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Q9400S & Q8200S: Intel’s 65W Quad-Cores
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by Rob Williams on February 9, 2009 in Intel Processors

The benefits of a low-TDP processor are obvious, but a usual downside is also obvious: low clock speeds. Intel’s changing that thinking with their Core 2 Quad “S” series, which includes the Q9550S, Q9400S and also the Q8200S. Compared to their non-“S” variants, they draw less power and run cooler, all while retaining the performance they’ve become known for.

Multi-Media: ProShow Gold, Sandra Multi-Media

While TMPGEnc XPress’ purpose is to convert video formats, ProShow from Photodex helps turn your collection of photos into a fantastic looking slide show. I can’t call myself a slide show buff, but this tool is unquestionably definitive. It offers many editing abilities and the ability to export in a variety of formats, including a standard video file, DVD video and even HD video.

Like TMPGEnc and many other video encoders, ProShow can take full advantage of a multi-core processor. It doesn’t support SSE4 however, but hopefully will in the future as it would improve encoding times considerably. Still, when a slide show application handles a multi-core processor effectively, it has to make you wonder why there is such a delay in seeing a wider-range of such applications on the marketplace.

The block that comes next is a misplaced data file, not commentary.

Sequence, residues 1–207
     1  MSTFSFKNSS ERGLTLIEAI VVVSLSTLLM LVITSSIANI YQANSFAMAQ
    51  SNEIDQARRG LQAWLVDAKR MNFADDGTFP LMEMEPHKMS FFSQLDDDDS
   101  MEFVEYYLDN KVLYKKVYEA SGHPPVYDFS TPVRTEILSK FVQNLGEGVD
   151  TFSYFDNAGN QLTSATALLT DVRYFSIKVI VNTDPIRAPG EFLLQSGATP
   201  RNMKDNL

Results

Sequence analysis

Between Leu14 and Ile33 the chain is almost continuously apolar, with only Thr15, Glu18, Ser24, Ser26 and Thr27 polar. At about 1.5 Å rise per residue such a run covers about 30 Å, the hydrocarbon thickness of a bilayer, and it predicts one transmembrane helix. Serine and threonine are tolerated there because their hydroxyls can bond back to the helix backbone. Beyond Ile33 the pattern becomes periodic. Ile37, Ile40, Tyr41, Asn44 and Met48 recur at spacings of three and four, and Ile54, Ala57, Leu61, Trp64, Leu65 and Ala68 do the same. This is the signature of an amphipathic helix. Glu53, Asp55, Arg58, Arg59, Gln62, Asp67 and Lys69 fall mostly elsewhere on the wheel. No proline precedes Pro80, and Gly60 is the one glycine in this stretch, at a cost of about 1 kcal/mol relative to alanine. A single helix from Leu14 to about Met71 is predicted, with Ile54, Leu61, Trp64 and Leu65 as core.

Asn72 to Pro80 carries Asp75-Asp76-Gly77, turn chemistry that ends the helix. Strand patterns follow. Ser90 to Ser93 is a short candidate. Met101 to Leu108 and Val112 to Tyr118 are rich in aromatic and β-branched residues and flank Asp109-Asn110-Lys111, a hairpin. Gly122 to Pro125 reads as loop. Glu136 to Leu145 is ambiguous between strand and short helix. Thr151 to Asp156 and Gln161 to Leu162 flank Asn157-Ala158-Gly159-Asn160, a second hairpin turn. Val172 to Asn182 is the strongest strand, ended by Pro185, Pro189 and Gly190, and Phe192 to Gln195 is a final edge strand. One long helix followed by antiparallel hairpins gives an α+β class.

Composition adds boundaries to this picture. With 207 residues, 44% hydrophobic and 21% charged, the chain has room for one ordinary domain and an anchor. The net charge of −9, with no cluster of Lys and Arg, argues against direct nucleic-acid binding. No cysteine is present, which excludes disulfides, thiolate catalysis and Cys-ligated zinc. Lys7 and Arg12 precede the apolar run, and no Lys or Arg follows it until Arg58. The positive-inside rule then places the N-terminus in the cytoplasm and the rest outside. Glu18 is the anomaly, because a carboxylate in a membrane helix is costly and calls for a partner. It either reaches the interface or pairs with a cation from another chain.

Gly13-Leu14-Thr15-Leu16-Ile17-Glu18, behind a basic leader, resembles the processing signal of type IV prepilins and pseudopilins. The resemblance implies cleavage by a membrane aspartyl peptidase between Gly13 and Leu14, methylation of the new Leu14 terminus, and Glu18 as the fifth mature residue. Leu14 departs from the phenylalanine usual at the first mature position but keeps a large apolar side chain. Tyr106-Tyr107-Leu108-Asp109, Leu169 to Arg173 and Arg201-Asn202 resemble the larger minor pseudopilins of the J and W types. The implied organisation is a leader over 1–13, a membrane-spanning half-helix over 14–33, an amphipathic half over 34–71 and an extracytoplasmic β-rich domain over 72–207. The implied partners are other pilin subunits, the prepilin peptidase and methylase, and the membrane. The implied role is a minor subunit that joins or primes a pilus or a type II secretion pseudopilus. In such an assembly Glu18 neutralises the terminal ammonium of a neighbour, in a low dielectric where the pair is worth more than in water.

Our Q9400’s and Q8200 might be the lowest on Intel’s Quad-Core totem pole, but even the Q8200 vastly improves the performance over the Dual-Cores throughout both tests here. It would be great to see more performance scaling like this throughout most of our multi-threaded applications, but sadly that’s not the case. Photodex really helped pave the way with ProShow, as it’s had great multi-threaded performance for quite a while, while larger companies are struggling to put our four cores to great use.

Sandra 2009 Multi-Media

To help show a more “raw” version of the kind of potential Nehalem offers, we ran the Multi-Media test built into Sandra. This test here stresses the CPU’s ability to handle multi-media instructions and data, using both MMX and SSE2/3/4 as the instruction sets of choice. The results are divided by integer, floating point and double precision, three specific numbering formats used commonly in multi-media work.

Although it’s difficult to gauge real worth with this benchmark, we can easily see just how much more capable our Quad-Cores are over Dual-Cores, if an application is able to properly take full advantage of them.